But not all Christian scholarsacknowledged that union. In nineteenth-century England, John Henry Newmanfought the theological erosion that accompanied Enlightenment attitudes towardrevelation and authority, both in the increasingly liberal theology of his dayand in the university curriculum. He also fought the utilitarian view ofeducation then emerging from the rise of modern science and the industrialrevolution which followed, arguing instead for carefully mentored liberallearning that develops the intellect and guides student formation. His workinspires educators to this day,[4] and in this postmodern setting hisunderlying view of reason and revelation receives increasing attention. We arenot ruled by reason alone, he points out, but by ideals rooted in our innernature. Faith is not blind, but neither is it simply an intellectual step basedon objective evidence, as Locke supposed, because evidence is colored by tacitassumptions. Rather faith embraces the revealed reality of One who satisfiesour deepest needs and aspirations: As Augustine put it, our hearts are restlessuntil they rest in Him.[5]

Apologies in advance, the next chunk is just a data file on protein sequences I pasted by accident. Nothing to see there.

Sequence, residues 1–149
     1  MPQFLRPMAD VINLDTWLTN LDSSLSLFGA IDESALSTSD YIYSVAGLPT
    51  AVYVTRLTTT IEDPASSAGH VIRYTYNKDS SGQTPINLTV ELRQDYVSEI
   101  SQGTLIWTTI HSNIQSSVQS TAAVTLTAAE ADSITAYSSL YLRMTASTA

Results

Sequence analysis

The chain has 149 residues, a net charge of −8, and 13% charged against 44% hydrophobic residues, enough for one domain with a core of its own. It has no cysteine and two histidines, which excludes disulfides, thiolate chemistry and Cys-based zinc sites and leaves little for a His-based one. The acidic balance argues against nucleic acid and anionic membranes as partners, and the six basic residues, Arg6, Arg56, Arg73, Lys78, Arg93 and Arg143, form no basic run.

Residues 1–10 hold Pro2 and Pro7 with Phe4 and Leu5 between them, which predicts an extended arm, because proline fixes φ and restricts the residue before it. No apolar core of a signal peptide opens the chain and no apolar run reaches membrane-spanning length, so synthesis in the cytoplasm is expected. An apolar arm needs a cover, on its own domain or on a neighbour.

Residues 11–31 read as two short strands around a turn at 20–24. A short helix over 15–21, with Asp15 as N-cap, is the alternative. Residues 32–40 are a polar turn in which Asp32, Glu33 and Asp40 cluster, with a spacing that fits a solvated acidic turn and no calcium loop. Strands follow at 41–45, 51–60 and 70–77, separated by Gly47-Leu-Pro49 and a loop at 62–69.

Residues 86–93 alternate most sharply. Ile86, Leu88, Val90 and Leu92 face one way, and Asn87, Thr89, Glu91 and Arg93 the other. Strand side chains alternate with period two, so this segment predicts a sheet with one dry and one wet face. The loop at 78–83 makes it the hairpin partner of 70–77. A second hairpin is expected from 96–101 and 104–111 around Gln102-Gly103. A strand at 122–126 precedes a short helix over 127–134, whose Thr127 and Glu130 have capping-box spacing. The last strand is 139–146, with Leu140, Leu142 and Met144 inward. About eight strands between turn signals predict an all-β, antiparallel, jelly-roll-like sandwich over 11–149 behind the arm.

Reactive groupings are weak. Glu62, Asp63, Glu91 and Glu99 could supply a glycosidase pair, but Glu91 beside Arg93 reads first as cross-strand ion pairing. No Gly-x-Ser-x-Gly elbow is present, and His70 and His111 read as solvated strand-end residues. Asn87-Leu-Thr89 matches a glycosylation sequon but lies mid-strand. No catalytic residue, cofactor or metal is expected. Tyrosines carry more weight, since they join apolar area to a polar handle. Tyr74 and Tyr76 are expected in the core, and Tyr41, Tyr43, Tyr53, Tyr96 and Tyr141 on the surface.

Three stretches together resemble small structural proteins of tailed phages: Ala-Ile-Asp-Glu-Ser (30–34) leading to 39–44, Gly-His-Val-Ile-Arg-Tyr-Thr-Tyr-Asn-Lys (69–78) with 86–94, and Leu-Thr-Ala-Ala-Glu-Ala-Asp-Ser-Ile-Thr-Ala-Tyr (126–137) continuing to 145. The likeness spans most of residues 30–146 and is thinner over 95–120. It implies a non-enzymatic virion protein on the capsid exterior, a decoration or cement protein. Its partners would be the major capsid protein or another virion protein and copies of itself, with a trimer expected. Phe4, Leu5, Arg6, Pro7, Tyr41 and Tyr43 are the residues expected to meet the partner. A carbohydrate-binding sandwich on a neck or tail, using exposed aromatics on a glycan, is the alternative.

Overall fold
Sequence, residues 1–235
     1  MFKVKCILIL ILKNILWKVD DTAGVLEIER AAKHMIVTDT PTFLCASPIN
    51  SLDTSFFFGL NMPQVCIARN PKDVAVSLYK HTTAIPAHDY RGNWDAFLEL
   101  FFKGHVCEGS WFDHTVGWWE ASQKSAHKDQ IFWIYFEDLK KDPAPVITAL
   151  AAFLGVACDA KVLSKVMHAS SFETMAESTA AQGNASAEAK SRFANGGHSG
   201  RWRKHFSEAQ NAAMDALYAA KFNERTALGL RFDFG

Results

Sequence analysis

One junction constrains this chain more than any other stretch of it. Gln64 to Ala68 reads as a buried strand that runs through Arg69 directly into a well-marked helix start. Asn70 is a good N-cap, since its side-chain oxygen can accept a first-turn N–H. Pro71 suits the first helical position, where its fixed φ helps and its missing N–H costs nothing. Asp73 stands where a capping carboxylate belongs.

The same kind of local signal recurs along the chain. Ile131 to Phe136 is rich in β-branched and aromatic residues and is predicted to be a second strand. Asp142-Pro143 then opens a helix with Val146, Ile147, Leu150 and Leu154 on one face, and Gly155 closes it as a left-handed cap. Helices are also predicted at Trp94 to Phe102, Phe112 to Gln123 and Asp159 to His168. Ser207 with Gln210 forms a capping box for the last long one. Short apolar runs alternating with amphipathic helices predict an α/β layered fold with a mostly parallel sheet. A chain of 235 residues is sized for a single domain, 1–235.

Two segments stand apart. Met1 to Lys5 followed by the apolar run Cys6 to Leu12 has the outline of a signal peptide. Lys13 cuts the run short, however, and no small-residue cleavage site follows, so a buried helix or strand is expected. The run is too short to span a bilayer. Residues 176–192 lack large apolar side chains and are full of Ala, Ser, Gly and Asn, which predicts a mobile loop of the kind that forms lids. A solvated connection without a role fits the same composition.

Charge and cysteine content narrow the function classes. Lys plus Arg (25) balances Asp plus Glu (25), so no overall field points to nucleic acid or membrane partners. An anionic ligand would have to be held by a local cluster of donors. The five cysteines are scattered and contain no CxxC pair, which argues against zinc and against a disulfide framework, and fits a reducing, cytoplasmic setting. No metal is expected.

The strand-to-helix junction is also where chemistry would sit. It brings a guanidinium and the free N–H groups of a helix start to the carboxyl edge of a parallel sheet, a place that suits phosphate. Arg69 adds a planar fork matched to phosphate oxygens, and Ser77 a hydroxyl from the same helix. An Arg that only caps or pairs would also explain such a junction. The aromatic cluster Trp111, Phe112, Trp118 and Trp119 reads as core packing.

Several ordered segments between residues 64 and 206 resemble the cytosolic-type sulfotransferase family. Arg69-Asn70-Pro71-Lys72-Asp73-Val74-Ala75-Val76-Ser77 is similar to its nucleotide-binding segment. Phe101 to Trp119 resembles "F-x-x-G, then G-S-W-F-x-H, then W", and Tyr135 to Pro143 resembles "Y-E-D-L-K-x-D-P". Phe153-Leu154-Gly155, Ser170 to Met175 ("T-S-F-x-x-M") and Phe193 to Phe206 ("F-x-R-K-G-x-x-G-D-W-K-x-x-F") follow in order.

Similarily in nineteenth-centuryHolland, Calvinist theologian Abraham Kuyper realized that the autonomy ofreason lay at the root of their increasingly secularized society. In his famous1898 Stone Lectures at Princeton, he spoke of Christianity as a worldview inconflict with the current naturalism and its implications in religion andpolitics, science, and art. These are all made possible by the law-structureGod created, and they are all affected by sin, and he showed at length how thisis so in science. Reason is never entirely free from such influence, despitethe naturalist's assumption. But if worldview assumptions in fact lie at thefoundation of the disciplines, then reason and revelation together will shapeChristian learning.[6]